Most Mass Shootings Target Women and Families; Study Finds Men With Legal Guns Are to Blame
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“It is low—but we know why,” Soto Lamb said.
The most striking feature of the MAIG report were the descriptions of domestic violence—in all but two cases by men—who were targeting women: new wives, ex-wives, girlfriends, mothers, and then others in close family circles. It that found 32 of the 56 mass shootings (56 percent) "took place wholly in private residences." Less than one-quarter "took place entirely in public spaces."
“The shooter killed his wife and their five children before killing himself,” said the report’s oldest account, from Delaware in January 2009.
“The shooter killed his parents and three siblings in their home,” the report’s newest account, from New Mexico this January, said. “He then loaded a van with guns and ammunition with the intent to kill his girlfriend’s family and die in a shootout at Walmart.”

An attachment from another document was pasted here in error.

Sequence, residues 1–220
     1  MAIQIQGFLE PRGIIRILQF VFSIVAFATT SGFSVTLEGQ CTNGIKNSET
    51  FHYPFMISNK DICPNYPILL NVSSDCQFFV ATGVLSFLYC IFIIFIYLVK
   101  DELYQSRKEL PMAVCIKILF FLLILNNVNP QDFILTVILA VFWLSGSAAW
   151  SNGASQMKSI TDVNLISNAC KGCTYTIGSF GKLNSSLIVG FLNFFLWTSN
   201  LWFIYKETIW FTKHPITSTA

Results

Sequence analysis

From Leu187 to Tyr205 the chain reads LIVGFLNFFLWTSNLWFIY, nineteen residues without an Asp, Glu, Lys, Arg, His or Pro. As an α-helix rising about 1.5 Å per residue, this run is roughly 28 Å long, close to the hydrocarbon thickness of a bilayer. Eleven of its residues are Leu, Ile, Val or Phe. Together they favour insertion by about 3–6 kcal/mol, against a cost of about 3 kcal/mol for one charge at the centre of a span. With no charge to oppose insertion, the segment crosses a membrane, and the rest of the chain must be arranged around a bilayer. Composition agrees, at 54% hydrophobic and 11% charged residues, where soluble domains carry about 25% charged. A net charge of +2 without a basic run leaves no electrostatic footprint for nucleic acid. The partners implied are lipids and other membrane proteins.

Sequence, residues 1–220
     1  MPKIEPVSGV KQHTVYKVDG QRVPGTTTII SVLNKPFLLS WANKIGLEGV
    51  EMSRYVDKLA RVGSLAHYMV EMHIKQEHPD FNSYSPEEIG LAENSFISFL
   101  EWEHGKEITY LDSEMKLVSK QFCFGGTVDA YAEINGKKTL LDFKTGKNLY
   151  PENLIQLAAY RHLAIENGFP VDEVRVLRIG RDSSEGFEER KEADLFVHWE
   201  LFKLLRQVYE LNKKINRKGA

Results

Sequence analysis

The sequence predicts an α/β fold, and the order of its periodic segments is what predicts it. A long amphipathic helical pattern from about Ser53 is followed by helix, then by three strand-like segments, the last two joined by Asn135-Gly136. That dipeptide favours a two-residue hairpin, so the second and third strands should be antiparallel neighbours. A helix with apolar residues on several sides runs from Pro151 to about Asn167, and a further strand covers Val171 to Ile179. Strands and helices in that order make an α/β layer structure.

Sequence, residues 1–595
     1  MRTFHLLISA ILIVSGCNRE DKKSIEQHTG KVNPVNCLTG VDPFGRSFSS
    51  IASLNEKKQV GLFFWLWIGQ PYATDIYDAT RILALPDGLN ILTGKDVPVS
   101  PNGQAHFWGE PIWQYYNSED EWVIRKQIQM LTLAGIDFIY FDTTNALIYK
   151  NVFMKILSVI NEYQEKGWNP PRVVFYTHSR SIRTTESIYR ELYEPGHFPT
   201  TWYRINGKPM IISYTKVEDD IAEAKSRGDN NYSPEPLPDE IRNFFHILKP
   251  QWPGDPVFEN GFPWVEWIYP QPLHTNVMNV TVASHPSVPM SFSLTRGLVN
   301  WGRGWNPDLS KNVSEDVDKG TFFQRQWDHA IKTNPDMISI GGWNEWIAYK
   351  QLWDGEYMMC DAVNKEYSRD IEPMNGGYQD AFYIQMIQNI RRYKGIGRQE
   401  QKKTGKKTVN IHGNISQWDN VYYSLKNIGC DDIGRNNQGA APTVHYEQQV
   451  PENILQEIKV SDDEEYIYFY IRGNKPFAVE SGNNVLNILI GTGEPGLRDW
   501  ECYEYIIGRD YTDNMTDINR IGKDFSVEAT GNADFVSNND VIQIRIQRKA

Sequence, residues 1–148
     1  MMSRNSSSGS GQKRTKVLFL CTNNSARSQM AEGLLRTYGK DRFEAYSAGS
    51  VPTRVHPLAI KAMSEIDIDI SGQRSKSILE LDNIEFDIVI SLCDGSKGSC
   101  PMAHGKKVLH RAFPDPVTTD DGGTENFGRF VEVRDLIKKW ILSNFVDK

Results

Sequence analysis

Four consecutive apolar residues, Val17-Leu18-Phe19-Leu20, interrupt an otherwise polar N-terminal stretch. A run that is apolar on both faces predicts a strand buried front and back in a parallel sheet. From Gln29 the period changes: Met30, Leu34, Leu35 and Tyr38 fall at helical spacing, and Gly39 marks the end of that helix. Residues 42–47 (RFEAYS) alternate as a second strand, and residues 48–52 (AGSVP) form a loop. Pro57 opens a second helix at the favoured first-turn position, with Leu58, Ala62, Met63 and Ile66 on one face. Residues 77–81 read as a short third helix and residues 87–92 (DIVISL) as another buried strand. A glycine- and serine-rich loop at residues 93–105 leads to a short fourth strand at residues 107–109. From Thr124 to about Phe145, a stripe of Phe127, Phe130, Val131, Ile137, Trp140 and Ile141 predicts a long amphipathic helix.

“The shooter killed his mother in her home and then traveled to a nearby elementary school where he shot 28 people, killing 26 of them,” it said in the second newest account, referring to December’s Sandy Hook Elementary School shooting.
Soto Lamb said Congress’ unfolding gun control debate has to be enlarged to include domestic violence and the daily deaths of 33 Americans, not just the most horrific mass shootings. She also said it was a “conundrum” that most of the domestic violence incidents are inside homes, because the U.S. Supreme Court’s 2008 Heller ruling expanded the U.S. Constitution’s Second Amendment to include the right to keep a handgun at home for self-defense.
“More than half of the women murdered with guns in the U.S. were killed by intimate partners or family members. It’s 64 percent,” she said. “We have data and information that the presence of a gun in a domestic violence situation increases the risk of homicide for women by 500 percent.”